About 90% of all wills go through probate with no issues, but there are times when it’s appropriate to challenge a will. This is generally when something seems to have gone very wrong in the creation of the will, not simply because a beneficiary disagrees with what was done in the will.
A will is the final words of the testator, or the person who wrote it. Courts are extremely hesitant to ignore or overrule the words of a person who is no longer there to explain their position. If a will is valid, it’s not in anyone’s interest to try to have it invalidated.
That said, there are situations where a person has been pressured into leaving their property to someone, or where the testator was not competent when the will was created.
Simple issues that can make a will invalid
In order to be valid, a will generally has to be written by a competent person who was not under the influence of duress or fraud. It must be in writing, it must be signed, it must have sufficient witnesses (two in Tennessee) who are not also beneficiaries, and it must meet other requirements that vary by home state. Only the person’s last will can be probated.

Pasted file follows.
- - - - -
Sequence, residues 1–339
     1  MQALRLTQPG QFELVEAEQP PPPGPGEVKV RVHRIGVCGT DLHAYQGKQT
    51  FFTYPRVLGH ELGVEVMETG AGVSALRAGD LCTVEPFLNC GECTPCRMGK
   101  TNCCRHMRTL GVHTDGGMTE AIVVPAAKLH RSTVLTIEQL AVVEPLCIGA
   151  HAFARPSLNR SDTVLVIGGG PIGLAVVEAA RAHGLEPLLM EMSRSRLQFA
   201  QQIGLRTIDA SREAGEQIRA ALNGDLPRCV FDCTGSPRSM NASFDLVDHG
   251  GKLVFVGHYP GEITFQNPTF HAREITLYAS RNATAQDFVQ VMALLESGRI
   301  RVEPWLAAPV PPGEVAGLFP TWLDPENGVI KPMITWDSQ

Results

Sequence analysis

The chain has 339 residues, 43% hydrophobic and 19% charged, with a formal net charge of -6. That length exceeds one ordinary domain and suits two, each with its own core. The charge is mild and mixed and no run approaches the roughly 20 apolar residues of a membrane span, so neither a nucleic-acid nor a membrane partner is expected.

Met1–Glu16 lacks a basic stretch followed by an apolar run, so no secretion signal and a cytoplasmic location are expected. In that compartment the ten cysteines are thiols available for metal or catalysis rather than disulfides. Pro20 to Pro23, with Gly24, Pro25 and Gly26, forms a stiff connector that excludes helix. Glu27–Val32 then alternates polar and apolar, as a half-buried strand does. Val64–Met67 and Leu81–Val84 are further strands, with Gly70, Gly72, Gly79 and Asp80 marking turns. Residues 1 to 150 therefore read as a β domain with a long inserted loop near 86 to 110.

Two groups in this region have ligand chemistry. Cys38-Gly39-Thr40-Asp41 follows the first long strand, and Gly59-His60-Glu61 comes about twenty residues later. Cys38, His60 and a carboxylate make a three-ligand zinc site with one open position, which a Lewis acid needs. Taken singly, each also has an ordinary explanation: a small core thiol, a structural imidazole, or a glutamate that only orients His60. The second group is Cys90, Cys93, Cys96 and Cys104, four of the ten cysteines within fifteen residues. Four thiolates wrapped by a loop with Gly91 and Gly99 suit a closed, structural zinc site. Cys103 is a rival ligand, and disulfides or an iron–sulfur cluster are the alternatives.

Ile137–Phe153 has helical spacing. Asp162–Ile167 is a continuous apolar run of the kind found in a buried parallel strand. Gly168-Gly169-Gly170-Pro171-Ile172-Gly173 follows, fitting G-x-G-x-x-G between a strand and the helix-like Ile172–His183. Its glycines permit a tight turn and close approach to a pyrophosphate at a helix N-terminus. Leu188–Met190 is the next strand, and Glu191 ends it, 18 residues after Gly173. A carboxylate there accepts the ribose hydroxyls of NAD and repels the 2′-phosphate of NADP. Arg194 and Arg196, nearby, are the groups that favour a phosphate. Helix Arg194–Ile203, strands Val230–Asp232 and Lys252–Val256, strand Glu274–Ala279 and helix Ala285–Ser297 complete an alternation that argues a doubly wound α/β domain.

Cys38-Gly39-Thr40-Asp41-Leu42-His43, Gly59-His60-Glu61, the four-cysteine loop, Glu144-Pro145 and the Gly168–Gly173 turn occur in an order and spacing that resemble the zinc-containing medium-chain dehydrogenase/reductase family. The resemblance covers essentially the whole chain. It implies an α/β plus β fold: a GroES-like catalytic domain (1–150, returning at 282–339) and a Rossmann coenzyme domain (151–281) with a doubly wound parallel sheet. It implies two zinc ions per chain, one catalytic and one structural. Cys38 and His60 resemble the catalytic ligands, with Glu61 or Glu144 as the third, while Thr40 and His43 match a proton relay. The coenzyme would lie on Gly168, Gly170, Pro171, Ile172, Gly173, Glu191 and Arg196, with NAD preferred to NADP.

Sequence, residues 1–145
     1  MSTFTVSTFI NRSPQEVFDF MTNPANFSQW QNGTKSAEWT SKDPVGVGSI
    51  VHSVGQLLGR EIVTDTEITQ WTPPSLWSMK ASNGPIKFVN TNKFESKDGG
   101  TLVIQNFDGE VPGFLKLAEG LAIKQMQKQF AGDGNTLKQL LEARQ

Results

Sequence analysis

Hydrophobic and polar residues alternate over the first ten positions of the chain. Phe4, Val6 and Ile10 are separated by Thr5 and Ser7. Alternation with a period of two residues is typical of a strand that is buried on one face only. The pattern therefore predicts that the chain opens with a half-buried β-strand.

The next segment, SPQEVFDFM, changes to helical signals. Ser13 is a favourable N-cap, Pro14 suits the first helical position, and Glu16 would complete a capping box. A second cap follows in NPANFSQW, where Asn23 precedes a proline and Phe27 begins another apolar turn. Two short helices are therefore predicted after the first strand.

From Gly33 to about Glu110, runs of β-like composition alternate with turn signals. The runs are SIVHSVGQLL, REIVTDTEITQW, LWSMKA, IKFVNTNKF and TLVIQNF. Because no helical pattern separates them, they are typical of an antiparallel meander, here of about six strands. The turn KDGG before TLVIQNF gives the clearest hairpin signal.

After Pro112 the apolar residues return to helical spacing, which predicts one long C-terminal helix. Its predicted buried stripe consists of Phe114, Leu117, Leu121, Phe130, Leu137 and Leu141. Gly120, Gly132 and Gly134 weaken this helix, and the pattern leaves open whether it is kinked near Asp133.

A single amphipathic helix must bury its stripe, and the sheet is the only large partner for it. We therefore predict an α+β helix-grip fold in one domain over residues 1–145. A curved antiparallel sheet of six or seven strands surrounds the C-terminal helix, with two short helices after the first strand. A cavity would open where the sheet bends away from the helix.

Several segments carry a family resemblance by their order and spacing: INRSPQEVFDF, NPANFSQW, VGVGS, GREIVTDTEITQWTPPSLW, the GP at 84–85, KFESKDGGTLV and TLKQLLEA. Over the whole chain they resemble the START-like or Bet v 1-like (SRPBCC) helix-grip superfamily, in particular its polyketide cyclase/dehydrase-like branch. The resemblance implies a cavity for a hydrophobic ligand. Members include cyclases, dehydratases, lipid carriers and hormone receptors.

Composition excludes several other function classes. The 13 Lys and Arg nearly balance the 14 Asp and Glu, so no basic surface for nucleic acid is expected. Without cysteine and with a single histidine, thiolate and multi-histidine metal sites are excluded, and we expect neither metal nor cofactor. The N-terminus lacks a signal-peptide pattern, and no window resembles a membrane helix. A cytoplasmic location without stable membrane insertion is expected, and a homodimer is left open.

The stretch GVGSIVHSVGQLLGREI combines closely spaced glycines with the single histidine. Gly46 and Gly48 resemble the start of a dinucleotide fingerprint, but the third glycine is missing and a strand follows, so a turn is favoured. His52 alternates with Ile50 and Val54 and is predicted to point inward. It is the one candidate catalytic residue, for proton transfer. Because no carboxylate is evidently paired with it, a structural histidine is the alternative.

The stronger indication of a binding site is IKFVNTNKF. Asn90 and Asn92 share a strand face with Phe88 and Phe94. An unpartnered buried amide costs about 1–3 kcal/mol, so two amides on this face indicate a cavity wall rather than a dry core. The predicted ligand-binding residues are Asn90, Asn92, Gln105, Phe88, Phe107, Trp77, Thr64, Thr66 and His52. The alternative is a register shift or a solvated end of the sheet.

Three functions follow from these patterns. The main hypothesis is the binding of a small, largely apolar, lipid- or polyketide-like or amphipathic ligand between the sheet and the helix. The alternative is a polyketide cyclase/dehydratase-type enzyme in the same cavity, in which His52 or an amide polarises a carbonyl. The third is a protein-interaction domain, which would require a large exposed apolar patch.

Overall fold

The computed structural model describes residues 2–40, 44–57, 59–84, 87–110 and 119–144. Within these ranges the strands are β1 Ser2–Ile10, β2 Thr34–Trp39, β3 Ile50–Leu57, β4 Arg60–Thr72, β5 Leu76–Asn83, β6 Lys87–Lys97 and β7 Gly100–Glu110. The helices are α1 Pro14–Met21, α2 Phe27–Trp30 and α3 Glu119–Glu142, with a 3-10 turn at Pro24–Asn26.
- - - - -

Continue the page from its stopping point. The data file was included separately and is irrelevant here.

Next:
Lack of testamentary capacity
One of the major issues with wills is that people wait too long to write them. If your loved one waited until late in life or near death to write their will, it is possible they lacked legal capacity to write it.
Adults over 18 are presumed to have capacity to write a will, so a challenger will need to bring sufficient evidence to convince the court that they did not. This could be evidence of a diagnosable illness such as dementia or Alzheimer’s disease, or proof that the person was too mentally ill or addicted to substances to fully understand what they were doing.
Wrongdoing by others
A will can also be challenged if there was fraud, forgery or undue influence. Was the testator being lied to about substantial issues? Were they being manipulated? Did someone change the will to improve their situation?
The most common of these is probably undue influence. This is often a situation where someone comes along late in the testator’s life and makes his or herself seem indispensable. In reality, they may have been manipulating your loved one to the point where they lacked any realistic bargaining power.
If your family is suspicious of the circumstances under which a will was written, you should share your concerns with an attorney who handles probate litigation. Under the right circumstances, it’s possible to successfully challenge a will.